Human Dignity and Homelessness in the District

By Franchetta Groves

Time after time, Washington, D.C. finds itself on the list of cities with one of the highest homeless populations. When walking down the streets, it will not take long to come across an individual who is struggling with homelessness, asking for help. 

It is not just an anecdotal situation; statistics show that the D.C. area has an alarmingly high homelessness rate and that this problem is one which demands to be addressed. The annual report from Point in Time (PIT) found in 2019 that there were 9,794 individuals living homeless on the streets of Washington, D.C. What is the cause of homelessness? Why does D.C. face such a crisis and what can we do to help alleviate these peoples’ suffering? 

Some look to rising housing costs and the lack of the government safety net to try and catch these individuals who are struggling. Others look toward the factors that lead to someone living on the streets. Mental health, domestic violence, drug and alcohol abuse, and the rise in single motherhood have all been attributed as factors to this problem. 

All of these are factors leading to the problems at hand; Only 21% of homeless adults are employed due to a higher rate of mental health problems, addiction, and various health problems. 

However, there is hope for those who need help to overcome their situation: Homelessness on the whole is on the decrease and fell by 7 percent from 2018, according to the study done by PIT. The report found that one of the biggest barriers is the lack of affordable housing in the D.C. area. With rising housing costs and wages not rising at the same rate, it can be challenging for individuals to afford to live in the city.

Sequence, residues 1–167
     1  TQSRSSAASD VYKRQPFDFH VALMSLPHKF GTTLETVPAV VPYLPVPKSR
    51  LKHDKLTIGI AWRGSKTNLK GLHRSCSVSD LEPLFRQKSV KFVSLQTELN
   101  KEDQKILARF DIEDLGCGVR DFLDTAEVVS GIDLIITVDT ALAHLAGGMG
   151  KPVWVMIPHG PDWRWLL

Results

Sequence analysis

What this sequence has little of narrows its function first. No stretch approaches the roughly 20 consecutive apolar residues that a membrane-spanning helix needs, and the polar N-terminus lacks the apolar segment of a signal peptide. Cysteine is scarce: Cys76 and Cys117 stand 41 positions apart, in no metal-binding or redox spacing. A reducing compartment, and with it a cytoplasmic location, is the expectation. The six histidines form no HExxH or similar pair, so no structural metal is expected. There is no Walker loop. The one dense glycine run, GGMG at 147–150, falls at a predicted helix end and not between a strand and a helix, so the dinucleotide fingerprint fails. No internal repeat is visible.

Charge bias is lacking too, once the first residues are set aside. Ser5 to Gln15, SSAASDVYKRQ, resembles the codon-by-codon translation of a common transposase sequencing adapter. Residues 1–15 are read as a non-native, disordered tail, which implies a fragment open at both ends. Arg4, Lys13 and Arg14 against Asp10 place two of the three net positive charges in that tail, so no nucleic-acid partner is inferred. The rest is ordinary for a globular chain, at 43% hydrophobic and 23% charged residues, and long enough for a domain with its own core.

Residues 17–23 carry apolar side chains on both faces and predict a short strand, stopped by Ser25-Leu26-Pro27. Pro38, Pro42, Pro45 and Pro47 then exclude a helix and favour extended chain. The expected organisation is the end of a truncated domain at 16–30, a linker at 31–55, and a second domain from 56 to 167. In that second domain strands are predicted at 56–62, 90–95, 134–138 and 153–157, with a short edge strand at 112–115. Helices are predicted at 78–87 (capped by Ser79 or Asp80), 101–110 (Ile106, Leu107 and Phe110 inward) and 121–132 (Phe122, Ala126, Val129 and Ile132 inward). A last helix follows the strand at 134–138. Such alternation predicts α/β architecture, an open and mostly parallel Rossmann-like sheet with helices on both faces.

This problem has been recognized, however, and the different methods used to assist those facing trouble finding a home have improved and adapted to this change. Now programs are focused more so on long term recovery as opposed to the previous emergency shelter model. Transitional models, rapid re-housing, and permanent housing facilities are now being offered at an as-need basis so individuals can get help that suits them on a situational basis. 

Even here on Catholic’s campus, there are so many different groups trying to make a positive difference. Groups such as So Others May Eat (S.O.M.E) help those in the city of D.C. by providing food, clothing, and health care. Students and faculty also participate in Homeless Food Runs, where they are able to talk to those who are struggling with homelessness. 

Harrison Hanvey works as Assistant Campus Minister for Community Service, and through this role has had first hand experience seeing the impact homelessness has on the city and the community. He has also seen how the lack of affordable housing has played a major factor in the homelessness rate. 

Yet, Hanvey has also seen how we can learn so much from those who have lived through hardships that we have not known. From Harrison’s perspective it is vital that we remember the human dignity that each person possesses because it is only then that we can overcome the barriers that divide us. 

While the issue of homelessness may never be completely eradicated, the first step towards addressing the problem is acknowledging it in the first place and getting involved when we can. Studies such as the one done by Point in Time are the first step towards shining light on the problem which D.C. faces. Once informed, we can then properly begin to provide adequate resources needed to give individuals another shot at life.

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